1. What evidence is given suggesting a mental disorder in the character of King Lear?
Based on the Batholomaeus Anglicus’ 13th-century traditional model of illness, it is argued that King Lear did not suffer from melancholy or madness (in general), but ultimately descended into madness due to an “excess” or imbalance in the choleric humour, also referred to as “the frenesie.”
The author also provides Timothy Bright’s non-humour model and suggests that King Lear is driven by his hard circumstances into a state of unnatural melancholy, which “can be recognized by its occurrence in situations when it seems more natural to go mad: situations in which the mind is tormented by worry and stress.” The author supports this view by asserting that King Lear “is naturally choleric rather than melancholic, and he certainly has recognizable cause to go mad from mental stress and guilt.”
2. Describe the character of King Lear, as revealed in the essay.
Answers will vary. The author describes King Lear as being largely “choleric” before his descent into madness. From their earlier study of the “four humours,” students may recall that choleric people are characterized as being “short-tempered, red-haired, thin, ambitious.”
In general, however, students will conclude from the reading that King Lear was once a strong and proud ruler who was ultimately driven into madness—involving worry, stress, guilt, and “evyll suspections”— by his “dog-hearted” daughters. It is also suggested that his dark mental state was “a journey as much as [it was] an illness.”
3. How was King Lear’s behavior viewed by other characters and by society at large?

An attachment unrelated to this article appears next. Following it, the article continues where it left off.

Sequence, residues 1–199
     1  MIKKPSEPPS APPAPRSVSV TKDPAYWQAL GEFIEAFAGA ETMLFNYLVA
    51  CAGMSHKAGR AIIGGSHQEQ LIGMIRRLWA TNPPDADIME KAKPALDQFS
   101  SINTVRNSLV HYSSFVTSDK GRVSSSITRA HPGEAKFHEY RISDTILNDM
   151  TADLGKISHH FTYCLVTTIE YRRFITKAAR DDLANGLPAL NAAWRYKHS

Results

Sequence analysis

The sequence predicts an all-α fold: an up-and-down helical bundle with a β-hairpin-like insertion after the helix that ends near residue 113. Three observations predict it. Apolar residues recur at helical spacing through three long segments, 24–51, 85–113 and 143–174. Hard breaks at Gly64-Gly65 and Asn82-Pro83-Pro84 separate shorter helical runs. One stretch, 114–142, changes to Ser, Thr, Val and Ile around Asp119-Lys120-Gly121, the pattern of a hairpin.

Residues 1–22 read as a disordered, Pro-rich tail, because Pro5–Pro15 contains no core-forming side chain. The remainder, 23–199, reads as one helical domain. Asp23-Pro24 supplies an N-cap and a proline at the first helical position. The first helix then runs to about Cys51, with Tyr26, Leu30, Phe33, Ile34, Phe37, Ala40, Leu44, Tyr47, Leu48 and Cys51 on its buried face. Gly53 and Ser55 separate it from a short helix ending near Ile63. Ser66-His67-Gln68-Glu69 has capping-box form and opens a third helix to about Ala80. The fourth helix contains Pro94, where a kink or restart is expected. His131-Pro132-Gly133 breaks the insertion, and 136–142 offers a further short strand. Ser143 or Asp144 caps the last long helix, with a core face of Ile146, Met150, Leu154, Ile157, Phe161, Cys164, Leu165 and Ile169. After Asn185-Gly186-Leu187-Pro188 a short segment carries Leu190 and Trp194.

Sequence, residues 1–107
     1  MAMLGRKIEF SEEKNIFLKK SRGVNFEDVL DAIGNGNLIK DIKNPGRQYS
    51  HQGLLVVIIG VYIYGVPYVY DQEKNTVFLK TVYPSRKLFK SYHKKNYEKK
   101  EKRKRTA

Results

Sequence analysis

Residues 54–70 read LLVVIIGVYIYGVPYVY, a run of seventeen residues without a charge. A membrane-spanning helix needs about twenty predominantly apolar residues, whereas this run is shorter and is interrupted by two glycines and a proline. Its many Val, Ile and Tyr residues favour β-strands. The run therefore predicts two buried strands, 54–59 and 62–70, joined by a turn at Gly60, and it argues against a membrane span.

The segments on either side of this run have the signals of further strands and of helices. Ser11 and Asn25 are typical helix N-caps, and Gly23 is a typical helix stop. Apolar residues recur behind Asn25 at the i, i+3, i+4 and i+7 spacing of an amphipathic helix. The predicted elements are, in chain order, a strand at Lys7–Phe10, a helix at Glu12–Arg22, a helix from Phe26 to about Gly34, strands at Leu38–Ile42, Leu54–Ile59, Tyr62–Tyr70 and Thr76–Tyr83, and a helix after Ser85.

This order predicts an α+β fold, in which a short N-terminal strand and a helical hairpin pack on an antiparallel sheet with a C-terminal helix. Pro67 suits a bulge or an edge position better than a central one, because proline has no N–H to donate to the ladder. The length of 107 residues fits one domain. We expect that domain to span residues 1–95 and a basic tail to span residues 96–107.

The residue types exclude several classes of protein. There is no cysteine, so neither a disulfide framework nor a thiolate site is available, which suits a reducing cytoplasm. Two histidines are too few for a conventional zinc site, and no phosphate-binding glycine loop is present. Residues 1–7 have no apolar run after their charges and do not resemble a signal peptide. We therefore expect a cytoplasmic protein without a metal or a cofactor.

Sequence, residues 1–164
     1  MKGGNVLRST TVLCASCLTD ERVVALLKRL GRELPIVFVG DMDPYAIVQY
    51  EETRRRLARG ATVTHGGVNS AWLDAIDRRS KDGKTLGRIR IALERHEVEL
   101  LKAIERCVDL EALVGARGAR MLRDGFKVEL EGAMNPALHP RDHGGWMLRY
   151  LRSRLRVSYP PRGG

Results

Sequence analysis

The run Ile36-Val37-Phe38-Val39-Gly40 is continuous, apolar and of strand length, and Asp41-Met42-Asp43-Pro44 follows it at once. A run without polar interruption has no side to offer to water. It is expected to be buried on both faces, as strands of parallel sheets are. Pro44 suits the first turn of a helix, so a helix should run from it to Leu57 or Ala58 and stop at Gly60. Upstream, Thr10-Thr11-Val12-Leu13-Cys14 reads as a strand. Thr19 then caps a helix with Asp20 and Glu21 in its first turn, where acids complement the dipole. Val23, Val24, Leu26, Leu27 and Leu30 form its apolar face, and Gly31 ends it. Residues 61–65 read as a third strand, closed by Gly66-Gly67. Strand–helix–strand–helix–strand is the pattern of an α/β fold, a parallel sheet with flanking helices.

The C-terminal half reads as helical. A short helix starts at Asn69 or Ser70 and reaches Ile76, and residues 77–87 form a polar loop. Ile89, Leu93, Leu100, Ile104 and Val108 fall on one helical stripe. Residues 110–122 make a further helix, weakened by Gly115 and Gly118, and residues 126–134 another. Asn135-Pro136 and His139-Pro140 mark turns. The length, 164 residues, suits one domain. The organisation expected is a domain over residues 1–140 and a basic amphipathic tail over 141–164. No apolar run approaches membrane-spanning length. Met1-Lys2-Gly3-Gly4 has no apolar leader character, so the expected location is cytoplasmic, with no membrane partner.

Answers will vary. Students will conclude that others viewed the previously proud and choleric King Lear as being reduced to madness and deep humility by the work of his daughters, by losing a war, and by being led to prison, among other things.
The author says that people of Shakespeare’s day concluded that King Lear’s madness was “a result of his arrogance and a remedy for it,” providing him with “both punishment and insight.” Moreover, King Lear had to suffer greatly “before attaining enlightenment. This vision of madness is characteristic of Shakespeare's era. The Renaissance held the Aristotelian view that there is a fine line between madness and divine inspiration (Skultans 20), but by the eighteenth century madness was viewed as no more than degradation and shame.” This is why a “happier” version of the play became so popular in later years.
4. Would that behavior be regarded in the same way today? Why or why not?
Accept all reasonable responses. Thanks to several centuries of progress and enlightenment in the area of mental health and psychology, many will assert that King Lear had sufficient reason to become “maddened” by the personal tragedies he faced. As “rest” and “forgiveness” proved to be helpful in easing his madness, many will argue that both King Lear and the era he lived in provided insufficient mental health knowledge, support, and treatment to bring him out of the “madness” he was suffering. Some may also suggest that the personal loss and suffering that finally led to his “learning to love” was essentially hard-earned personal growth.